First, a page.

For myself, I always yearned to be at church when I was little.  I felt at home in sanctuaries dancing in stained-glassed light and flickering candle flames.  I embraced Bible stories and felt cozy wrapped in the melodies of old hymns.  As I got older though, more and more frequently I was cornered (literally) by classmates demanding to know if I had been baptized.  As it turned out, I had not.  While my parents supported me exploring my faith, they decided not to discern on my behalf and have me baptized.  Additionally, being a military family we didn’t necessarily develop close ties with any aspect of the community, particularly the church.  As a family we explored many faiths, predominantly Unitarian and Episcopalian.  In addition to these logistical  issues, I never thought I needed a special ceremony to live in God’s grace and to be called His own.  Many of my friends thought differently.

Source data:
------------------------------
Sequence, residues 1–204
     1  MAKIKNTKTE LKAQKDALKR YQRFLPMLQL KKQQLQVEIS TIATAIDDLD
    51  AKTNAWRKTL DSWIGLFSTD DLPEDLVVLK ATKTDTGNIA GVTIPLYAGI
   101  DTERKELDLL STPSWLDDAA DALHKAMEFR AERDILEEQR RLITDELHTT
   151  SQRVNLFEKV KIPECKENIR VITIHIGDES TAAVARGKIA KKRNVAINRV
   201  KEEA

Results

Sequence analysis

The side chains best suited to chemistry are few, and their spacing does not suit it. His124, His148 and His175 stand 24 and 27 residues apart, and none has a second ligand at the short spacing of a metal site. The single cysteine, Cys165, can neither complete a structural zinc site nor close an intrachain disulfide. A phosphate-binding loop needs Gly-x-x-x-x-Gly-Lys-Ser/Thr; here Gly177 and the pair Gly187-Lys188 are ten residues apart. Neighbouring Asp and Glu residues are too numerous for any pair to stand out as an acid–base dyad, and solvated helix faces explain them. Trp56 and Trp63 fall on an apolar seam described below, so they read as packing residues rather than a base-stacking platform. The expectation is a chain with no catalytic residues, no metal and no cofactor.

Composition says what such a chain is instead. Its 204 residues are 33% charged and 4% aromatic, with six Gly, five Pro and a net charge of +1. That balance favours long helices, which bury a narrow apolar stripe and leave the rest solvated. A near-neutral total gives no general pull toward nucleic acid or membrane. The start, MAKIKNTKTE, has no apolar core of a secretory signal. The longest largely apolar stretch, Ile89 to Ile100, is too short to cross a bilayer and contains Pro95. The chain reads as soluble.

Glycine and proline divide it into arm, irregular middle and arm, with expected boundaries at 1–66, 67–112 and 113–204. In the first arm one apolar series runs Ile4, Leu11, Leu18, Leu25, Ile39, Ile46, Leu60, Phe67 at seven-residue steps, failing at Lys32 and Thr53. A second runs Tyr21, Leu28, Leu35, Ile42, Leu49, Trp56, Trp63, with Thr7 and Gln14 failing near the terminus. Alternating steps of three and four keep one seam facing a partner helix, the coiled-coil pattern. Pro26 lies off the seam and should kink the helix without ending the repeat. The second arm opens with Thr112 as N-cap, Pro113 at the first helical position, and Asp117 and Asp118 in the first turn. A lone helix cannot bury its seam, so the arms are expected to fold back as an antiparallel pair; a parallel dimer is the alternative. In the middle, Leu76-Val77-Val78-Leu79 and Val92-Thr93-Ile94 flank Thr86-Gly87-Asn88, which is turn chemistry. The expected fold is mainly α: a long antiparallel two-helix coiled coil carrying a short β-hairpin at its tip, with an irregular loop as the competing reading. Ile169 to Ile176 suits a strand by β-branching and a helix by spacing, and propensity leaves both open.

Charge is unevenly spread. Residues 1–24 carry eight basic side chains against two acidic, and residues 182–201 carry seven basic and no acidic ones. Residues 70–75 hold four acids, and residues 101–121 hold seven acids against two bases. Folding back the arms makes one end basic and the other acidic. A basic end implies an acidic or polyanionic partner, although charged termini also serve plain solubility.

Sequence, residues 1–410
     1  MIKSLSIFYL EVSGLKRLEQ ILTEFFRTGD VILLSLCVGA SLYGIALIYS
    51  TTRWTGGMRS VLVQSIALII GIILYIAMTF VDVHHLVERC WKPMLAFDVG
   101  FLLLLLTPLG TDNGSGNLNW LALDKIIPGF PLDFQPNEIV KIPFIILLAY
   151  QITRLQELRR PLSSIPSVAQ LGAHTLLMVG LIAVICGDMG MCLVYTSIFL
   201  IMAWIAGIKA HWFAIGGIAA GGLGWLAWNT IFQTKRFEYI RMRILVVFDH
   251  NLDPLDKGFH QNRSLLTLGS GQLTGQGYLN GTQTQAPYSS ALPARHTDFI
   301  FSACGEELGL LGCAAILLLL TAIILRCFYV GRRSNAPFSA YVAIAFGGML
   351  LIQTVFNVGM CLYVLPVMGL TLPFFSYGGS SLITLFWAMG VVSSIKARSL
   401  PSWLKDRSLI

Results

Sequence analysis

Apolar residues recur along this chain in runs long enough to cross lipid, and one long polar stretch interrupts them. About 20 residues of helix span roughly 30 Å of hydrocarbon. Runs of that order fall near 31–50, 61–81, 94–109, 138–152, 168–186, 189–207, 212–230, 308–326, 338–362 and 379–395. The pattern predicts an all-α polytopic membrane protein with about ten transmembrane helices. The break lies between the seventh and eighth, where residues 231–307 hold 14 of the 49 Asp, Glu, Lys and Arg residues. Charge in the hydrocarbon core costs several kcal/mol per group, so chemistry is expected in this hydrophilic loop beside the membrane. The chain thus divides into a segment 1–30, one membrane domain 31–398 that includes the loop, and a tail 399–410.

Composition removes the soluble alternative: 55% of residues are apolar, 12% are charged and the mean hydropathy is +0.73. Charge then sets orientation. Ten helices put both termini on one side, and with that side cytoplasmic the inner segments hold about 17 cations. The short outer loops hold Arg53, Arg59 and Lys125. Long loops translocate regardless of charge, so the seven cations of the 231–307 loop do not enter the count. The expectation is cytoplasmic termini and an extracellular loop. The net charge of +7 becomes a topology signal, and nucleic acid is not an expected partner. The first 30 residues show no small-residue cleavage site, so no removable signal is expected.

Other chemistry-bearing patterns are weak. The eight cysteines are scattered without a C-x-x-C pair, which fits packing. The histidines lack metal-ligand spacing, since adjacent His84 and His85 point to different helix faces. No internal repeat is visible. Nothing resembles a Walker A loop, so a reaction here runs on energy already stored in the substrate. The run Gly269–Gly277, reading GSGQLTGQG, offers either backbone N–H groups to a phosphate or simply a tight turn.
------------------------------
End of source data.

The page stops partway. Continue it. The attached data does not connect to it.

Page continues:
Throughout my high school and college years and beyond, I was frequently confronted with this question.  My friends were confused and upset about why I had not been baptized.  They told me I wasn’t a “real” Christian and faced eternal damnation.  I was told that I was denying Christ by not being baptized.  I was angered by their confrontations and accusations.  Who the heck where they, or their church, to tell me what my God felt about me.  Who were they to decide whether I was in God’s “in” crowd or not.  Why did they suppose that I had to pick one variation of Christ’s church to commit myself to.  How wildly self-important to suggest that I should be “saved” in the Baptist church versus the Catholic church.  Who the heck decided that the Presbyterians had it right, while the Lutherans were wrong.  I looked at my Bible and noticed that Jesus never mentioned a denomination.  That nowhere in the scripture was there any indication of who gets picked first.  My eyes regularly landed on the scripture “Come to me all who are weary and heavy laden, for I will give you rest.” (Matthew 11:28).  Sounds like an open invitation to me.